. Or as I like to say, Orthodoxy IS Catholicism in 11th-century Greek theological form.
The reason I like Russian culture (the language, the rite) isn't to stick it to Western Catholicism, for example, but because, just like the rest of medieval Christendom East and West, it tried to live out those fundamentals
, to incarnate them, however very imperfectly. And as you can see from reading The Way of a Pilgrim
and other 19th-century Russian books, it often did so beautifully.
Another way of putting it is while everything I believe as essential is contained in EOxy, I don’t think I believe any opinion peculiar
to EOxy, or to RCism for that matter, as necessary for salvation.
Some of you probably are going to jump on that as relativistic, denying the one true church, etc. I don’t care.
I don’t claim I can back myself up academically either, but that’s what I really believe.
And I see the risks in what I wrote, ecclesiologically speaking — authority and communion ecclesiology (which, IMO, EOxy has a bead on) keep it from flying away into vagante
I do believe in EOxy’s Churchness and consequently that it has grace — speculation about everybody else is nondogmatic in EOxy and is wide-open space where people like me have lots of breathing room.
Where the difference comes in is that IMO I don't hold, like some 'blunt' (rude) EOs, that these fundamentals are the exclusive
property or invention of Eastern Orthodoxy.
(I'm not dogmatizing or claiming to proclaim EO dogma, simply stating opinion that happens to be in the range of EO opinion.)
This strain among at least some EOs comes off to me and I dare say to people like Keble and Ebor, and to Catholics of good will, as simply arrogance
. Ignorance and ethnocentrism/chauvinism, even more repellent (hateful, ungrateful, dishonest) coming from converts. (You usually don't get this from ethnics because they've got nothing to prove to themselves - they're happy with their received form of religion and don't care about anything else.)
To use two of my favorite illustrations, this is as ridiculous as Mr Portokalos claiming the word kimono
is Greek or Mr Chekov on 'Star Trek' claiming every scientific discovery for the Russians. And perhaps born out of the same defensiveness and inferiority complex.
My russophilia as described above, I dare say, is different to this, which I would agree is ‘playing Russian’, etc., in an obnoxious way. (I see fixations with certain jurisdictions the same way.)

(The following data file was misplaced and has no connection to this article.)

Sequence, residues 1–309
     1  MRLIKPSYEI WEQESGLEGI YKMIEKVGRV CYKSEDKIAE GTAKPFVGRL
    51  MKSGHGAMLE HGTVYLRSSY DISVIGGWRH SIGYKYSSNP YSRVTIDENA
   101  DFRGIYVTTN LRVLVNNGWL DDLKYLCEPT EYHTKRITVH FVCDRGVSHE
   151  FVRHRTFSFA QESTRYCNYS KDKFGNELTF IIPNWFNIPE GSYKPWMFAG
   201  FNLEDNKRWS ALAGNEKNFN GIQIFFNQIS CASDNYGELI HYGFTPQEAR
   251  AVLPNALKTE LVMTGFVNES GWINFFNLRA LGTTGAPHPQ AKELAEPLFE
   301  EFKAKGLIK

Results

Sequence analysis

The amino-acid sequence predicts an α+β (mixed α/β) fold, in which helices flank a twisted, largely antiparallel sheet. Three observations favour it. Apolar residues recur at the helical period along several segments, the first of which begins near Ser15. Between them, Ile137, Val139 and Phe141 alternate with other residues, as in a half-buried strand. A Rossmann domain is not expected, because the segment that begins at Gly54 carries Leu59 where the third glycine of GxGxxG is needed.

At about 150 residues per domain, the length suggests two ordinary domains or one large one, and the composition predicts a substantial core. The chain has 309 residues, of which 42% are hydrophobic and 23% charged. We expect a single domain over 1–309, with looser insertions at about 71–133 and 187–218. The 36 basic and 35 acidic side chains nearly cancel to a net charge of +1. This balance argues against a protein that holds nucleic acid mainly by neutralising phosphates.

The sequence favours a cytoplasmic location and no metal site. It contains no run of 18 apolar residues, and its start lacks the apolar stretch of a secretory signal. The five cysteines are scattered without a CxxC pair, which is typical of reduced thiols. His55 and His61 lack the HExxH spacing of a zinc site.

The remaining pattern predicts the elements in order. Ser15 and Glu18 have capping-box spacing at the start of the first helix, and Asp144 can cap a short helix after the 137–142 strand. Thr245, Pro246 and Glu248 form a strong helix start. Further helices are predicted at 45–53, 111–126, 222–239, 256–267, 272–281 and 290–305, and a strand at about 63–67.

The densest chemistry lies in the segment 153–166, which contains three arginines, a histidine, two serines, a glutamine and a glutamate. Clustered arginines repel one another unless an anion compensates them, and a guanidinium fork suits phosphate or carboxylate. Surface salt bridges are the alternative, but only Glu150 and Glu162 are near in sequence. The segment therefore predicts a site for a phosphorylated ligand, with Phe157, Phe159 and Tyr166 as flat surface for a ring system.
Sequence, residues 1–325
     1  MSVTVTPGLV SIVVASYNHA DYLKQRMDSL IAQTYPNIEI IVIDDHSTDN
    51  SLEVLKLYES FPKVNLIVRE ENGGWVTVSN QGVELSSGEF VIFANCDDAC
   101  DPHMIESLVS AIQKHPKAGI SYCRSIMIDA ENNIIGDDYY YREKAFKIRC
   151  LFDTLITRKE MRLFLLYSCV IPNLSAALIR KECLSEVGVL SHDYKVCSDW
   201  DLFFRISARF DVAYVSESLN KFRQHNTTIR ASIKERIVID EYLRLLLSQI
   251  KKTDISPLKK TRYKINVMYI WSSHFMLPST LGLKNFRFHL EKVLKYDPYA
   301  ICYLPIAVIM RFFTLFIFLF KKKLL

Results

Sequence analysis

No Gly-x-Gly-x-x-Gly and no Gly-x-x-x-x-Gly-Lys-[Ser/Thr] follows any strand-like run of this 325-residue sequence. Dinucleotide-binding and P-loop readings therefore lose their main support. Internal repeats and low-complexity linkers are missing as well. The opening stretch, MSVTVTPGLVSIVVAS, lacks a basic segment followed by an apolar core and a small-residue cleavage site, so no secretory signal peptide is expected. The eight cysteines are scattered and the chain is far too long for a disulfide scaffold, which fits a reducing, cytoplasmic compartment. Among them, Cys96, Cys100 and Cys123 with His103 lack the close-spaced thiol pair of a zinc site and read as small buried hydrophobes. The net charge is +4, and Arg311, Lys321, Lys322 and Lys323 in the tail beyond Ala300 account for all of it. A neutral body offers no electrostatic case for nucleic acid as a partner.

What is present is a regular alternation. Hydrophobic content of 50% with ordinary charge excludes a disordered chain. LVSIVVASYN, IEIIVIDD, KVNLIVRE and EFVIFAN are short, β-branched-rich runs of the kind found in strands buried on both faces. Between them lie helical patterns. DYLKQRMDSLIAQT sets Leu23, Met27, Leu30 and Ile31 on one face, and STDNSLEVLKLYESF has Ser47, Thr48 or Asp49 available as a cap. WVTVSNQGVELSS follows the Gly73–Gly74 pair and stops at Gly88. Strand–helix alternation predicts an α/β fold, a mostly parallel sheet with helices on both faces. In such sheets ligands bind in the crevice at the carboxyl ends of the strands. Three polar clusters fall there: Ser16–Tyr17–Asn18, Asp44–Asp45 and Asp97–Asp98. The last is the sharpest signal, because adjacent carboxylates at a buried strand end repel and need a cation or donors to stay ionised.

Episcopalians should feel more akin to Catholicism than to Orthodoxy, as Serge says. We are from the same tradition, after all. But in practice it doesn't work that way, at least not in the USA. In practice, Episcopalians tend to find Roman Catholic worship repellent and juvenile.
Because it is.
Episcopalians are more likely to sing the ancient music of Catholicism than Catholics are, and the great works of the Catholic organists are unlikely to be heard in Catholic churches, but rather in Episcopal churches.
True and true. Bitterly ironic, innit?
It seems to me that some elements of Orthodox theology and advice are quite close to Anglicanism.
True, because sound Anglicans and Eastern Orthodox often use the same source material, the Church Fathers.
But the real answer lies elsewhere. It lies in distress. It's trying to get away from Spong and Pike and any number of other bad bishops. Well-groundedness may or may not have any input in this, and well-groundedness may or may not lay out the same solution.
Of course the converts to whom you refer hold, and I agree, that Spong, Bennison, Ingham, Harries (two of whom I've met) et al. aren't aberrations from a system grounded in Catholic Christianity but rather are the logical result of a system grounded in Protestantism. One can read Newman and not be a bit surprised to find out later that the Broad Churchmen are in charge of Anglicanism today. He saw it coming, which was why he left.
*See my blog, May 16, 'What I believe'.